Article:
Something happened to me in my forties—I began to feel the need to feed others. This urge was wholly new and completely unexpected. Whether I purchased with love (very likely) or cooked with care (less likely), I wanted others to eat my food. If I had guests over, I’d quip, “I’m Jewish, and a little bit of my heart dies if you don’t eat my food.” A joke, but it felt true. When guests ate what I offered, I experienced a deep satisfaction that exceeded logic. The feeling was primal. If someone came to my office and mentioned they were hungry, I felt similarly compelled to volunteer whatever snacks might be tucked away in my desk drawer. If they accepted, I was happy. If they declined, I felt unreasonably disappointed.
I love feeding people. I have no idea why. I’ve decided to live with this mystery and enjoy its upside—the glow I feel every time my food is accepted. I’ve lived with an illness without a known etiology since I was nineteen. I can live with this
I love the feeling of slipping into a bed with cool, crisp, clean sheets. Once a week, when I change my sheets, I know I will be luxuriating in this sensation. In order to live well with chronic illness, I try to remember to appreciate simple, accessible pleasures.
Sometimes I feel the need for flowers in my home. The urge seems organic, like a primal pull towards something beautiful. Unless I’m broke, I try to satisfy this urge with a simple bouquet. It always lifts my spirits.
I was driving home recently from a weekend afternoon of running errands. I’d cleaned my house and paid my bills that morning, my refrigerator held plenty of food, and my chores were completed. I felt a deep feeling of peace. My health can vary daily. Some days I can keep life running without much effort, and other days I manage through sheer force of will and careful pacing. But when everything necessary has been accomplished, I can relax. Then I feel proud that I’ve taken care of my animals, my home, and me. It is always deeply satisfying.
When I cleaned out my grandmother’s apartment after she died, I found reading glasses in various places around her home. I discovered more than one pair in some rooms, for example by the television and on the coffee table in her living room.
Last year I had two cataract surgeries and a PRK procedure. Since the most recent procedure, I’ve often felt as though I’ve morphed into my grandmother. I’ve purchased eleven pairs of reading glasses, which I keep in my home, my office, my car, and my purse. I use all of them. At fifty-seven years, I feel prematurely old, which is unsettling.
But my grandmother rocked. The second wife of my maternal grandfather, she weathered the depression, married twice, had her own business, fulfilled many of her ambitions, and never lost her sense of humor and style. She’s always been my role model. So despite being dependent on reading glasses to see anything a yard away or closer, there are worse things in life than remembering this wonderful person each time I put on my reading glasses.
Sometimes our bravest action is simply staying the course. How many of us have struggled to be diagnosed and then searched for effective treatment? Many people live with chronic illness or other demanding life challenges that require daily fortitude. We forget to validate the effort and courage we sometimes need to conduct our lives. We are brave and strong, even on our worst day, simply by refusing to give up and by continuing our efforts to have a good life.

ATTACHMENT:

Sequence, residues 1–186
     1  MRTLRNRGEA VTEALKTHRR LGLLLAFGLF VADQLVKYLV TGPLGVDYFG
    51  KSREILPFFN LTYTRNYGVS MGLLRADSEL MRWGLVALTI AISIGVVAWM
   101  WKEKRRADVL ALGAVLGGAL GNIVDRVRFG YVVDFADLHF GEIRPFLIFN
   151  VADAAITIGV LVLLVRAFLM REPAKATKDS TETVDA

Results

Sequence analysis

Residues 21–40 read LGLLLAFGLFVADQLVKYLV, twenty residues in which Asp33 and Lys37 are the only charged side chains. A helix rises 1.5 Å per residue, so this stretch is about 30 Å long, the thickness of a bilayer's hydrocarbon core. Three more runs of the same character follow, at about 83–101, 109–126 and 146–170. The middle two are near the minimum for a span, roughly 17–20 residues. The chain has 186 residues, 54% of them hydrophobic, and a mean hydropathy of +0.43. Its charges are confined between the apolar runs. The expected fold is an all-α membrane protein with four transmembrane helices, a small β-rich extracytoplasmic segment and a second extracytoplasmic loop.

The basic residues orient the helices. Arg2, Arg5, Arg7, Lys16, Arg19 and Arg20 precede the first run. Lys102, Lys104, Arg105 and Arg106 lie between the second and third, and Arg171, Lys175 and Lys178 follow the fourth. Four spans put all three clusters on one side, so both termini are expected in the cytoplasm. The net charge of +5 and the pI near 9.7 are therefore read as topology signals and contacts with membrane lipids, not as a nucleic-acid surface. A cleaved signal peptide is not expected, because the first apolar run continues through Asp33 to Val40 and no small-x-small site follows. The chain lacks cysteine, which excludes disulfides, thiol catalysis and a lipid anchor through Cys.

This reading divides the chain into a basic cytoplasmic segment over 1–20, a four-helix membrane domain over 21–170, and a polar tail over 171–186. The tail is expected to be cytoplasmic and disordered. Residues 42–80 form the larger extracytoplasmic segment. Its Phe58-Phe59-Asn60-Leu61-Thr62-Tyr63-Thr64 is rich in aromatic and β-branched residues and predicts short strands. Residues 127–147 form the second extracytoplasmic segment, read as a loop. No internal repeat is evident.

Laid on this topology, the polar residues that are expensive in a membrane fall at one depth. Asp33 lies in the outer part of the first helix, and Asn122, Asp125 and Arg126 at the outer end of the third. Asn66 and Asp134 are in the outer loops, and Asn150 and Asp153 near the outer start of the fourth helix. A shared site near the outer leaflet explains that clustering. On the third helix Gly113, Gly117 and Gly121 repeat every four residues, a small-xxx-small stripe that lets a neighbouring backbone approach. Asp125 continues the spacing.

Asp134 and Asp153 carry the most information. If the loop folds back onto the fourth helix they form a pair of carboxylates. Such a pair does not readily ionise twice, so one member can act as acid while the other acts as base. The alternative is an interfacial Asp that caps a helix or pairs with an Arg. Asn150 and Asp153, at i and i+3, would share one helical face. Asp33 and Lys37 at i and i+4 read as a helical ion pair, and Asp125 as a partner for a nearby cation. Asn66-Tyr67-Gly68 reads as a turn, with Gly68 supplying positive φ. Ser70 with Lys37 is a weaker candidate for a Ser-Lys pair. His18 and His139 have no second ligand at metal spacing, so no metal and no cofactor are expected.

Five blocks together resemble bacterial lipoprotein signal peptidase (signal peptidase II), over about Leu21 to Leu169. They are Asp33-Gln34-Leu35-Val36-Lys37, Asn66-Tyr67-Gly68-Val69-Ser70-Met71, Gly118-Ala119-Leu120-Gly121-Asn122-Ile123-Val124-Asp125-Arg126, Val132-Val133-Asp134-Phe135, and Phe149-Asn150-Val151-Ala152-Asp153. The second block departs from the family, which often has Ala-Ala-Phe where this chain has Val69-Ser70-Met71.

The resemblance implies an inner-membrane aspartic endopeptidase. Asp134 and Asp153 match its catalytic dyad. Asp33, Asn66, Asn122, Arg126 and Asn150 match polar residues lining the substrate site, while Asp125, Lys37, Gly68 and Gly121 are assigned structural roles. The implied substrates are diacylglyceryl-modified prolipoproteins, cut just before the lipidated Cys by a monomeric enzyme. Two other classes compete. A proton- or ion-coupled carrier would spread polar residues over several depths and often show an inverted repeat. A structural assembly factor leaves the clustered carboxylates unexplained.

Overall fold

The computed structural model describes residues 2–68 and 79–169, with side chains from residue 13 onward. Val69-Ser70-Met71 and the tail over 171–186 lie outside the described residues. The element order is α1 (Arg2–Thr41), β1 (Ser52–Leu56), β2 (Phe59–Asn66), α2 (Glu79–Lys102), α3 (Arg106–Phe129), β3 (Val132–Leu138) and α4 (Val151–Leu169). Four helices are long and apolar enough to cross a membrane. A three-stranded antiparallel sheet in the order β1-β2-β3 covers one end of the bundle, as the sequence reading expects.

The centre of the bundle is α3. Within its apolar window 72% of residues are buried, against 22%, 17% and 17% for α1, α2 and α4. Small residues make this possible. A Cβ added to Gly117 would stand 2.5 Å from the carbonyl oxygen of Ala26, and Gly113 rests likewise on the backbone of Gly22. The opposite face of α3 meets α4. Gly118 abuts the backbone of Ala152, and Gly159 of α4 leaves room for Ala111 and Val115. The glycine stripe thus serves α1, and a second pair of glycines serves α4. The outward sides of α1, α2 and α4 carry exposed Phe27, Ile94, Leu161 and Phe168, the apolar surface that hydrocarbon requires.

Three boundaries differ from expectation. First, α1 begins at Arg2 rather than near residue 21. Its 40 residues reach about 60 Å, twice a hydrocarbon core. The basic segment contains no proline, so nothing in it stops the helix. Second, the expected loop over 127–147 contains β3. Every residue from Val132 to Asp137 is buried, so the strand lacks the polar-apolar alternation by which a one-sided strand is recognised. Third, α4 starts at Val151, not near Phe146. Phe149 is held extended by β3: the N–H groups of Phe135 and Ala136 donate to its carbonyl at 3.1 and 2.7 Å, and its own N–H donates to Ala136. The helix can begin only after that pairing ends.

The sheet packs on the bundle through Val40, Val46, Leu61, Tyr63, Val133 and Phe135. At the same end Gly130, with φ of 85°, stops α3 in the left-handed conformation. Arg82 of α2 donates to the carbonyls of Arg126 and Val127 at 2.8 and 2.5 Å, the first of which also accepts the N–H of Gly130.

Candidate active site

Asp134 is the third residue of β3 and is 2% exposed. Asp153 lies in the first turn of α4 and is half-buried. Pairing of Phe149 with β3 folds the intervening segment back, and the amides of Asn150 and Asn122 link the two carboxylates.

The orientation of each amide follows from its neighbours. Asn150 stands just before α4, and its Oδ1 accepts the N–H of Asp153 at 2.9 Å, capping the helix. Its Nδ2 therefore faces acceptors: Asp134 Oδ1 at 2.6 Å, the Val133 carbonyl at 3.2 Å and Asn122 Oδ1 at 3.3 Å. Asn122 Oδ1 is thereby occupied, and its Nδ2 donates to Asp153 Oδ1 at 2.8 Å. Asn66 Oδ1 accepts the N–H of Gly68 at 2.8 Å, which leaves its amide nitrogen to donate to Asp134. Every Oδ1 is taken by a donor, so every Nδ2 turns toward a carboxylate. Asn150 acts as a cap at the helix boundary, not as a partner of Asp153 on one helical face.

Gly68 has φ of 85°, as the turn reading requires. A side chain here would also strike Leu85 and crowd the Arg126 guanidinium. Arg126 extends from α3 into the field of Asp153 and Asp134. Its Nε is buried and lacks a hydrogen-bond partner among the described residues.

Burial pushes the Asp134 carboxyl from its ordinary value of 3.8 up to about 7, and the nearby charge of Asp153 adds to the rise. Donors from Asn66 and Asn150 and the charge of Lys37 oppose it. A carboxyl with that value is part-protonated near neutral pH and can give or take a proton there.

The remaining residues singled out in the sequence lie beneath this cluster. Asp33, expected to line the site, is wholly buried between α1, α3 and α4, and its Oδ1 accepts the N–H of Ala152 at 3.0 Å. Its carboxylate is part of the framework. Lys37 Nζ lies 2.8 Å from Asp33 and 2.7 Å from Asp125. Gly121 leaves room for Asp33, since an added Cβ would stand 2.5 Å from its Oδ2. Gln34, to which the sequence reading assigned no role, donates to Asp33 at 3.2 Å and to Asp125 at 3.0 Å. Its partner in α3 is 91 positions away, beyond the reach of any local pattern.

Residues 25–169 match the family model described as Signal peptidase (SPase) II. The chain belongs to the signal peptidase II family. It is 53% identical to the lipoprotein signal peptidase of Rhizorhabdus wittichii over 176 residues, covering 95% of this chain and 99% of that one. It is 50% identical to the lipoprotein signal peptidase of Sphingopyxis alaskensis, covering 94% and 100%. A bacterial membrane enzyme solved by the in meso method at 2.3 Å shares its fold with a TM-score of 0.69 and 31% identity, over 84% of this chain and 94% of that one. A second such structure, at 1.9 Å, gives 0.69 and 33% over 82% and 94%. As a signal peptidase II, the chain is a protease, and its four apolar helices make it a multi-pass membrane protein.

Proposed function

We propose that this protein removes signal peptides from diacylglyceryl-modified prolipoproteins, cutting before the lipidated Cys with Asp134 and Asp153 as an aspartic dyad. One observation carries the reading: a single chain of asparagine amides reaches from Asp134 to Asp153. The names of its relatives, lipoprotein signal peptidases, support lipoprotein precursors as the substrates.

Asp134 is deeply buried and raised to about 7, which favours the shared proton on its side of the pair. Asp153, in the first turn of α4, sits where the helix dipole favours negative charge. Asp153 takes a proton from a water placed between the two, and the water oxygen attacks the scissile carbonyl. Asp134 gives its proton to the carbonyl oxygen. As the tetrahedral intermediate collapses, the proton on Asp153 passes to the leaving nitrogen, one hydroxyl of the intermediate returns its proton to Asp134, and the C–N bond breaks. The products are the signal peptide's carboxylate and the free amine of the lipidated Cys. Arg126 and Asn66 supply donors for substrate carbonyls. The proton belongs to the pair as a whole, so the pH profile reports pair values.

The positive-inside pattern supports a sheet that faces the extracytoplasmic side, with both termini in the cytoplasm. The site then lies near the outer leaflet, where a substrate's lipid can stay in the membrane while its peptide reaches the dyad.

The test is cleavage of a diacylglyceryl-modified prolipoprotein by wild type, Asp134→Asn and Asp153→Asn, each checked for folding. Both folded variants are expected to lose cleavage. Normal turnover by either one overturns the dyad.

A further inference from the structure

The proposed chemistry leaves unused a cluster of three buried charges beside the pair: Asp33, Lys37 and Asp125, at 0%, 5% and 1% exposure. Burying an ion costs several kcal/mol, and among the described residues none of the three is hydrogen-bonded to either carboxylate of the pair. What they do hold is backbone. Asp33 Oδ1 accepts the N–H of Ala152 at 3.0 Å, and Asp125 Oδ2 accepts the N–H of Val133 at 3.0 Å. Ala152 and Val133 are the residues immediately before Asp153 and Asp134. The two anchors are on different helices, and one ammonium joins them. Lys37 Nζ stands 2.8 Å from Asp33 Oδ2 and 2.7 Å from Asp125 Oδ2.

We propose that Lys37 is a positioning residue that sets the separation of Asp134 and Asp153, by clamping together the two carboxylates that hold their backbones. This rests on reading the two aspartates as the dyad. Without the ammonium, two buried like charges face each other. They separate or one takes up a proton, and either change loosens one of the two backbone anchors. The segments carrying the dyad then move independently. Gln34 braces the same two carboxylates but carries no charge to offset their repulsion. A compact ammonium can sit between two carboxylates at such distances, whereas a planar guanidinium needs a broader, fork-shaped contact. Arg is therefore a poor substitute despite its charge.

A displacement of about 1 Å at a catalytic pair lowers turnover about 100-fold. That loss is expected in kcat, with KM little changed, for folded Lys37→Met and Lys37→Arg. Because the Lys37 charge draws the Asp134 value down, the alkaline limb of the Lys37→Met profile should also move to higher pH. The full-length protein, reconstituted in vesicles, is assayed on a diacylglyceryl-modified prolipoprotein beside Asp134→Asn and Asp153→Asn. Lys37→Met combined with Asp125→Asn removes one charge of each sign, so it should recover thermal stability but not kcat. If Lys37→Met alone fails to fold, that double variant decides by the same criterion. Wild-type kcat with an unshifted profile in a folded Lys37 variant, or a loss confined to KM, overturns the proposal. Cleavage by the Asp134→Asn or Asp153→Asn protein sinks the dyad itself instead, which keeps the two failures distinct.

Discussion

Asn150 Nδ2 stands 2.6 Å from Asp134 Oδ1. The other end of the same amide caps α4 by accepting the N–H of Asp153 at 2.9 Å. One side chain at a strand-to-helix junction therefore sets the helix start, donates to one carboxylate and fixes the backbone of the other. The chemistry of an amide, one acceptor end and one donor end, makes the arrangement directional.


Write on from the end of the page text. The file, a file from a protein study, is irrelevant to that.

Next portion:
When I’m sick, all of my activities are curtailed. I eat simpler meals that require less time and energy to prepare, take shorter showers, and pace myself throughout the day to ensure that my basic needs are met. When I’m home all day, mundane activities are challenging to complete. But I’m also more appreciative of small moments of relief.
Even a minute or two in the sun can feel soothing. So on those days, when I go downstairs from my 2nd floor apartment to the building’s lobby to retrieve my mail, I take a few moments to step outside. I lean on the railing of the stairway to the street and feel the sun on my skin. I watch the pedestrian traffic, which often includes several dog walkers. I look at the trees and the lawns, and I’m grateful for these few moments of fresh air and normality in an otherwise hard day.
Pets aren’t children. We’re allowed to have favorites. Of my three cats, Simon, my foster failure, is my most adored animal. I thought I’d be fostering him briefly. He was eight years old and fat. I didn’t need or want three cats. But love often isn’t planned. I feel better when Simon is in the room with me. I love all my cats, but he’s my best buddy, all twenty pounds of him. I’m grateful every day that he’s mine.
Work on the psychiatry ward had been especially challenging all week for numerous and complex reasons. On one particular day, I did my work and anxiously waited for the day to be over. Usually the treatment teams assess new patients in the morning, but sometimes, on a bad day, in the early afternoon. That day we saw a patient at three o’clock—extremely late. My patient appeared sad. He looked like he might cry but informed us he felt “just fine.” I wasn’t buying it.
After completing the assessment with the team, instead of rushing to my office to dash off a chart note and quickly exit for the day, I met with him privately for about fifteen minutes. We discussed the things he’d not been ready to talk about in the larger meeting. He wiped away tears as we parted, and observed, “You must be very good at your job.” I felt I’d reached him in a fundamental way that I hoped would be helpful. Focusing on my patient, offering my best to him and having it accepted, healed many of my bad feelings from the week. He reminded me of what’s important to me. Through my efforts to help him, I restored myself. This is one of the many reasons I love being a social worker.